Last weekend in The New York Times, business columnist Floyd Norris wrote that new data from the Bureau of Labor Statistics "challenge" the notion that small companies create more jobs over time than large companies. Indeed, according to these numbers, from 1990 to 2011, employment in big firms (defined in the dataset as those with more than 500 employees) increased by 29 percent, while it rose by only 10.5 percent in firms with 49 or fewer employees.
The debate over how job creation breaks down by firm size is one with which the Kauffman Foundation is familiar and we have put out our own papers on this topic as well as worked with those who are knee-deep in the data. It shouldn't be a surprise to anyone that looking at job creation solely through the lens of firm size gives an incomplete picture. Elsewhere, the important distinction between firm age and firm size has been adequately underscored, so we won't dwell on it here. Here are just a few points about the Norris column that reveal some of the nuance under the numbers, while confirming that aggregate data are true--mostly.
First, as Norris points out, lumping all job creation together over a long period of time conceals moves of companies between size categories, whether from growing firms or seasonal variation. Second, these job creation numbers obviously include acquisitions, which will usually be reflected only in additions to large company employment numbers and subtraction from small company employment. Not always, of course, but usually. Third, we have known for a while, and discuss this is a forthcoming paper, that a larger and larger share of employment has been moving to large companies over time. Today, the share of total employment in the largest companies, those with over 10,000 employees, is the largest it has ever been in the United States.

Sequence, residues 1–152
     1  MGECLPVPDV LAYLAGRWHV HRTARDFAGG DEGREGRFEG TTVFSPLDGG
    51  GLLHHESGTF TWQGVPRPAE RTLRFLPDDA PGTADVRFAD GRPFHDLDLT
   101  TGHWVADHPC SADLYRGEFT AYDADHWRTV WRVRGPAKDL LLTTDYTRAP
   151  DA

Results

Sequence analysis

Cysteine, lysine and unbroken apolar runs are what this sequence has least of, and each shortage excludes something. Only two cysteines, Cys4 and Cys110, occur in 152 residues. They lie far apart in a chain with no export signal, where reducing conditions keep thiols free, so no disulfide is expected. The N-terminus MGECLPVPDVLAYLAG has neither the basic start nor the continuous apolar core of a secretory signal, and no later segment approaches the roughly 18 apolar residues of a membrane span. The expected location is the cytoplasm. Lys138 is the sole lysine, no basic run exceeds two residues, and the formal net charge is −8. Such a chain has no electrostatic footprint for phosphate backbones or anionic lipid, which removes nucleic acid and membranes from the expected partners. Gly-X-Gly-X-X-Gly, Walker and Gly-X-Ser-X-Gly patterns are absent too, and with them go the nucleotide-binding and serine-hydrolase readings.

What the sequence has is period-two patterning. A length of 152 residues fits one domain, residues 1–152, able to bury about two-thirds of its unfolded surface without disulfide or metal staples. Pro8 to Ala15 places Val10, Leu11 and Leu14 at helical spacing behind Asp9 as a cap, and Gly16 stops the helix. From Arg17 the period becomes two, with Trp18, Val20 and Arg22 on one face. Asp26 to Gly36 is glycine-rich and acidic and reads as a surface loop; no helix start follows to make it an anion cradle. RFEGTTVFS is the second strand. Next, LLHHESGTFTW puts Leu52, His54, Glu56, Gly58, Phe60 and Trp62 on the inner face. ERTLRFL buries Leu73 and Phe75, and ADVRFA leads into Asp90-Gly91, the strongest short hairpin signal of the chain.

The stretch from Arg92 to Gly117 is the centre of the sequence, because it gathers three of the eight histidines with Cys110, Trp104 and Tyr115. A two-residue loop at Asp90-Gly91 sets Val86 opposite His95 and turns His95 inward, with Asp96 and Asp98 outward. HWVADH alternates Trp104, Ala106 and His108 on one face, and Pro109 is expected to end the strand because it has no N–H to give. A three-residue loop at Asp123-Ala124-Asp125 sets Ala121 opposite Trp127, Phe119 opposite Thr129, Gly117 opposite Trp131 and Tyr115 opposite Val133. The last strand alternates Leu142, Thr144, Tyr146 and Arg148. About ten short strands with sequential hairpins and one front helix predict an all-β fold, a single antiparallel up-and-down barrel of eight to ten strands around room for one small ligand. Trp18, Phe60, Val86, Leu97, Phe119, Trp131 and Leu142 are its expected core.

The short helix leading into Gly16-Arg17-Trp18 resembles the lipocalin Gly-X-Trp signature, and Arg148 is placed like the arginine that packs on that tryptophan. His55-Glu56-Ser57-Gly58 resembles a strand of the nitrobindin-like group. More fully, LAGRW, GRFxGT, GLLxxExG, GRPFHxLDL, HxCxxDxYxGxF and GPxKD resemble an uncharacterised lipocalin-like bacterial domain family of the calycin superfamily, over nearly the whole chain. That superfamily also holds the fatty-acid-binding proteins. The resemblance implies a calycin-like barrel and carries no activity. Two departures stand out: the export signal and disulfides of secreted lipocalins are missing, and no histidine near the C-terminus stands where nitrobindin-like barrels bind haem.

Fourth, aggregate numbers mask all the variation beneath the surface, which is really where the real action of reallocation and productivity and economic growth takes place. Other recent work, for example, demonstrates that job churn--moving from one job to another--represents two-thirds of hiring in any given year. According to the Business Dynamics Statistics series from the Census Bureau, the "excess reallocation rate" has averaged around 30 percent since 1977--this is the gross job creation rate plus the gross job destruction rate, less the net job creation rate, capturing the persistently high level of churn in the U.S. economy. I don't know the breakdown of job-to-job flows in terms of firm size, but my guess would be that it is biased, if slightly, toward big firms. In any case, simply counting job growth by firm employment size over a twenty-year period misses what is really important about job creation and economic activity.
Finally, as with net job creation by firm age, part of the size calculation is a function of the math. There is a definitional limit on the share of job growth that can be accounted for by small and medium-sized companies. They can only account for job growth up to 49 and 499 employees, respectively. In contrast, there is an unlimited size level for job growth in big companies. (Theoretically, at least: if we use actually firm size numbers we might say that job growth in big companies can occur within a band of 500 employees and 1 million employees, roughly the size of Walmart.) Job growth can occur, along the vector of size at least, in two ways: more employees at existing firms, and more firms of certain sizes. Within the first, there is a statistical limit by which small companies can comprise relative job growth.
So, as with any statistic, the data Norris cites are true, but for certain reasons that, once understood, reveal a more nuanced--and far more interesting--picture of economic change.